Filing a Car Accident Case in Colorado Springs

Filing a car accident case in Colorado Springs means a claim is beyond the point where a settlement could happen. If the negotiation process has broken down and the two sides cannot come to an agreement, the injured party may file a complaint against the at-fault party, as long as they are still within the statute of limitations.

In order to recover compensation under these circumstances, a person injured in a car accident in Colorado Springs should have an attorney file a complaint on their behalf. Within the complaint, they are going to make general allegations, state information about themselves and the defendant, and seek an amount of damages for the defendant’s alleged misconduct.

What Goes into Filing a Car Crash Claim in Colorado Springs?

A typical complaint in a Colorado Springs car crash case will provide a breakdown of facts, talk about who bears liability for the collision in question, and similar issues. At the end of the complaint, the plaintiff and their attorney would then make their claim for legal relief.

A lot of times, a legal claim for damages is based on negligence. It follows that filing an auto collision case in Colorado Springs requires an understanding of relevant state laws regarding legal negligence and options for recovery. It is also necessary to provide an itemized list of compensation they want for specific damages.

In most cases, this would include economic and non-economic damages, attorney’s fees and court costs, pre- and post-judgment interest, and similar expenses. A plaintiff can also request a trial by jury within the state of Colorado when submitting a formal legal complaint.

Steps to Take Before Filing an Action

Prior to filing, attorneys usually try to meet with clients before active negotiations have broken down and the parties cannot reach a settlement. During this meeting, they would talk frankly about litigation and what that looks like, as well as review everything they received in terms of evidence up to that point in the case, such as medical records, medical bills, police reports, photographs, and witness statements.

Based on the evidence collected to date, attorneys and plaintiffs can perform a cost-benefit analysis together of going into court versus going to trial. In either scenario, the client is involved every step of the way, and before the complaint is filed, they get an opportunity to review the complaint, ask questions, and make sure that the information there is correct.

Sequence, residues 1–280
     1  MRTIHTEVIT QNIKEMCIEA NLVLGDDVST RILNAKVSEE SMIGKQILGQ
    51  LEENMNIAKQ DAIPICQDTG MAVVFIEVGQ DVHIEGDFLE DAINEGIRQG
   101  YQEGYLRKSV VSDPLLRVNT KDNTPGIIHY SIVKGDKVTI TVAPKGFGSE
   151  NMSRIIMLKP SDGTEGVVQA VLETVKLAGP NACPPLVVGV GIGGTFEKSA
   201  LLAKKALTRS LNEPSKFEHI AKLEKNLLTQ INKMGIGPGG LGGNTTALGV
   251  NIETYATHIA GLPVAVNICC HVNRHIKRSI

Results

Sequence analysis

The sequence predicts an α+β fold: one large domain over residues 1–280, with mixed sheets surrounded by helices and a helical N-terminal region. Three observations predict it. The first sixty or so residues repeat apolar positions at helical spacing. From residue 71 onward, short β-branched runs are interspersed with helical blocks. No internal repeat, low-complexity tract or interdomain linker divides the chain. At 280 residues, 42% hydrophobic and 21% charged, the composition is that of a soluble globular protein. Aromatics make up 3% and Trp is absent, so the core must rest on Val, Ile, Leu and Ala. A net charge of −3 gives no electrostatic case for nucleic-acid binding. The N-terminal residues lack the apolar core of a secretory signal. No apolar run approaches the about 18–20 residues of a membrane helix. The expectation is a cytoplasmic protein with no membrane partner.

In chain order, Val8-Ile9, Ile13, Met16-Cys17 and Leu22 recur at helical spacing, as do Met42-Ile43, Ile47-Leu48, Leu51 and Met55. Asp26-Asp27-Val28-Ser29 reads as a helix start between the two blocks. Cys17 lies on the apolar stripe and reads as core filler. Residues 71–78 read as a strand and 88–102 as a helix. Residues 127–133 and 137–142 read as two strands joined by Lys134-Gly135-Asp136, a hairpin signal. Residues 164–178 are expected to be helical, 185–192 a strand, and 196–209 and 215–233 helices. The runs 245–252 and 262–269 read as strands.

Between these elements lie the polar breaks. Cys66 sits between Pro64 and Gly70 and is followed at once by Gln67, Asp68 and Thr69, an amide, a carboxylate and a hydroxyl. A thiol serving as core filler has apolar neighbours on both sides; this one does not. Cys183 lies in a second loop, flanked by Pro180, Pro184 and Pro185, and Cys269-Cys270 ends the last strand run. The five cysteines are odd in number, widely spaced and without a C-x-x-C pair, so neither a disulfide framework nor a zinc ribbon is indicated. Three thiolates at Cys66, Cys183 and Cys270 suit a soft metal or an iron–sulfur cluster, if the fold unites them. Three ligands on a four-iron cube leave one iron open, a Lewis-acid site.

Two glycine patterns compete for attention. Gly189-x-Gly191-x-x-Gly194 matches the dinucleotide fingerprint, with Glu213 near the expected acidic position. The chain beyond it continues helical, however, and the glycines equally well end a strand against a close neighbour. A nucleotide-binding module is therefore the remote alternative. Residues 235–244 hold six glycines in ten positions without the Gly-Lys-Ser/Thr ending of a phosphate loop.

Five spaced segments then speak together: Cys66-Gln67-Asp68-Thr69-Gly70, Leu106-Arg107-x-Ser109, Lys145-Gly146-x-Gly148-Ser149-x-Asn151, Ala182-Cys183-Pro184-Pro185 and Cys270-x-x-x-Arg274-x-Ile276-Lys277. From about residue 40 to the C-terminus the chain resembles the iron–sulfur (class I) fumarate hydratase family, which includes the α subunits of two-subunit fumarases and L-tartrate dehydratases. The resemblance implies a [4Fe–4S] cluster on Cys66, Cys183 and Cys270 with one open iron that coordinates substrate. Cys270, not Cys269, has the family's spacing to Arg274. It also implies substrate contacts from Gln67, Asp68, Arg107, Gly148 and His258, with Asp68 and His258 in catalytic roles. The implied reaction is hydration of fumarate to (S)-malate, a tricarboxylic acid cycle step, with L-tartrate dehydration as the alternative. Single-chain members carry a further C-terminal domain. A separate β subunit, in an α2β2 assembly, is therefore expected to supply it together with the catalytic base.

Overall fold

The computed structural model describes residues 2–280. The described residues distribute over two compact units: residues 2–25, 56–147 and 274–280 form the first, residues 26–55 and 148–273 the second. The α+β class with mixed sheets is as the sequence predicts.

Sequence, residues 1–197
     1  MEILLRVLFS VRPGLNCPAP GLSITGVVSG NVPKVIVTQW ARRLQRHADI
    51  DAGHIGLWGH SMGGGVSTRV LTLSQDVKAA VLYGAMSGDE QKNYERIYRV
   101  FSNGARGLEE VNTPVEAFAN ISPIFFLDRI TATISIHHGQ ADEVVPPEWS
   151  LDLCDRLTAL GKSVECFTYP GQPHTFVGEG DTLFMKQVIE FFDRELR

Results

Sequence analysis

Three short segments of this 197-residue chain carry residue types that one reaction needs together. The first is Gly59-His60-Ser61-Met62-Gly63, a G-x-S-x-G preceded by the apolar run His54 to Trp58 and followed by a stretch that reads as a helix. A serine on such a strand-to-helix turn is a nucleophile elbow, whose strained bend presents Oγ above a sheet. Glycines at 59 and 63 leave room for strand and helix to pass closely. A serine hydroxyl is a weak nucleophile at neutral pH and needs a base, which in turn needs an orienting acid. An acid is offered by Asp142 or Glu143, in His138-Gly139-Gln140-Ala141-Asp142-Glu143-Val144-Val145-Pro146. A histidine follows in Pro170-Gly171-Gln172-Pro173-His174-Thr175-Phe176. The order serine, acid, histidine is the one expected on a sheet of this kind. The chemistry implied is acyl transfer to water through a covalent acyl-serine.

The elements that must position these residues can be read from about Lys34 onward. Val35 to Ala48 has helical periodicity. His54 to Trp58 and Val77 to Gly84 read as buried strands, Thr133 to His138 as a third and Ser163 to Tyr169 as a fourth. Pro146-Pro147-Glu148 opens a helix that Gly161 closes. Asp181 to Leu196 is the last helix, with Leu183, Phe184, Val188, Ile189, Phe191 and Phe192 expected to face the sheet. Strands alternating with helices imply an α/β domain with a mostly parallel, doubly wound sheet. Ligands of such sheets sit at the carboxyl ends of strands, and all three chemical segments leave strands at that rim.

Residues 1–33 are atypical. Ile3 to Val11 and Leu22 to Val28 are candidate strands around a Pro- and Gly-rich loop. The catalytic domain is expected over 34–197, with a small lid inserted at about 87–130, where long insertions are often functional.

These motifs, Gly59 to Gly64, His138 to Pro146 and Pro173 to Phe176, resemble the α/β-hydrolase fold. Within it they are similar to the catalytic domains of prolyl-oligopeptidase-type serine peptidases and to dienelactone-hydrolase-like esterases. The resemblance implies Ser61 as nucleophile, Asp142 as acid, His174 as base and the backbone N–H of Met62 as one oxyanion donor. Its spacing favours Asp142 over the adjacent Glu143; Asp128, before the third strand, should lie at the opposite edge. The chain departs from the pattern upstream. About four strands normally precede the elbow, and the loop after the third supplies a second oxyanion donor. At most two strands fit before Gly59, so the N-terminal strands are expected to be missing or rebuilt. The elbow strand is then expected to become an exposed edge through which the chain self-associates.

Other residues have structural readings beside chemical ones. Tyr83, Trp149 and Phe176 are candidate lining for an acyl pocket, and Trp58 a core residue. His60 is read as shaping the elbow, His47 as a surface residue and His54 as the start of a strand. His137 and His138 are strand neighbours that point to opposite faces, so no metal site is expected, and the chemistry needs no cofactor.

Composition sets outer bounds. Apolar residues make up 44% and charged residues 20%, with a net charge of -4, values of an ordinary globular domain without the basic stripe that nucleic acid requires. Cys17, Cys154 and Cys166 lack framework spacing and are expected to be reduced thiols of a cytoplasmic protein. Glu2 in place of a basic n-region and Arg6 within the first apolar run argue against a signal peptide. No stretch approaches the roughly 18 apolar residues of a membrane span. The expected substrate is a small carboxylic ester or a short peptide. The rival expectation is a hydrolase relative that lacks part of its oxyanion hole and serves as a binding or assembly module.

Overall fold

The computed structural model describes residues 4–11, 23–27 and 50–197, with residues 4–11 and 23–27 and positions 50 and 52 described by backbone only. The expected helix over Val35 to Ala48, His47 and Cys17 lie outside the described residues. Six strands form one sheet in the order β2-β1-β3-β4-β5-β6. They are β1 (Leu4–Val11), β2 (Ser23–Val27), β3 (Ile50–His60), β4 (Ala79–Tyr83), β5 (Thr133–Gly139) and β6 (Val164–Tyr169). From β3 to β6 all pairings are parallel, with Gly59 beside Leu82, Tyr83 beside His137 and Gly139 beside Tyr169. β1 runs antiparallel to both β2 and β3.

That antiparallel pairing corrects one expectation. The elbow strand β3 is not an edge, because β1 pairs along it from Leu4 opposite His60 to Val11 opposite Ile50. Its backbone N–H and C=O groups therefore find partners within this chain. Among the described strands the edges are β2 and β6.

What to Know About the Filing Process

In Colorado Springs, car accident claims are filed in a district court for the Fourth Judicial District. There are two counties in the fourth Judicial District—El Paso County and Teller County—and each has their own district court.

After a plaintiff files an action, they do not forfeit their rights to negotiate outside of court. Negotiations can and often do continue even after the case is filed, and just because the case is filed does not mean that it will always proceed all the way to trial. A lot of times, cases still settle even after a complaint has been filed.

That being said, it is important to retain experienced Colorado Springs legal counsel when filing a car accident claim, because Colorado Springs trial attorneys are in court all the time. They know the judges, they understand the process, and they speak the language of the court that is used when trying to admit a piece of evidence or make a standing objection. That is a specific skill that a trial attorney has that an individual plaintiff usually does not.

The Role Attorneys Play in Filing Colorado Springs Car Accident Claims

If you try to file a claim for your Colorado Springs car accident case on your own, it can be a very difficult and intimidating process, which is why the help of an attorney can be very beneficial both in and out of the courtroom. While individual parties are focused on their issues in their cases, attorneys are focused on achieving a positive outcome for their clients.

Skilled lawyers know how to work cases, know the law, and know the facts. They speak the language and understand the process, whereas a party without an attorney would have to learn all of that on their own. Based on that alone, hiring legal counsel before filing a claim is recommended in almost all circumstances.